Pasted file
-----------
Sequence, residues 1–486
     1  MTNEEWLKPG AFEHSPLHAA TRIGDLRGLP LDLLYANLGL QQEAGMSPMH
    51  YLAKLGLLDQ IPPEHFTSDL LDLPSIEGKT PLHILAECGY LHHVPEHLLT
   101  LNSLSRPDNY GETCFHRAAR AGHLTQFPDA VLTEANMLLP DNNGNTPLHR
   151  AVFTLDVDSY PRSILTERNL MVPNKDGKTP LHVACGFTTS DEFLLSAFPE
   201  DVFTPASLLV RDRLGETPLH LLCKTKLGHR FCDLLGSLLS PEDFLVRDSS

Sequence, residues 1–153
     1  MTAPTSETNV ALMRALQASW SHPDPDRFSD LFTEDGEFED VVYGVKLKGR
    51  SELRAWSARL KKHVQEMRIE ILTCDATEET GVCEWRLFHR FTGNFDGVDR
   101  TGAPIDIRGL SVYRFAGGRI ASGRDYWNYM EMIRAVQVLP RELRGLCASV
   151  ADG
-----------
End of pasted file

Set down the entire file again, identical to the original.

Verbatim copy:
Sequence, residues 1–486
     1  MTNEEWLKPG AFEHSPLHAA TRIGDLRGLP LDLLYANLGL QQEAGMSPMH
    51  YLAKLGLLDQ IPPEHFTSDL LDLPSIEGKT PLHILAECGY LHHVPEHLLT
   101  LNSLSRPDNY GETCFHRAAR AGHLTQFPDA VLTEANMLLP DNNGNTPLHR
   151  AVFTLDVDSY PRSILTERNL MVPNKDGKTP LHVACGFTTS DEFLLSAFPE
   201  DVFTPASLLV RDRLGETPLH LLCKTKLGHR FCDLLGSLLS PEDFLVRDSS

Sequence, residues 1–153
     1  MTAPTSETNV ALMRALQASW SHPDPDRFSD LFTEDGEFED VVYGVKLKGR
    51  SELRAWSARL KKHVQEMRIE ILTCDATEET GVCEWRLFHR FTGNFDGVDR
   101  TGAPIDIRGL SVYRFAGGRI ASGRDYWNYM EMIRAVQVLP RELRGLCASV
   151  ADG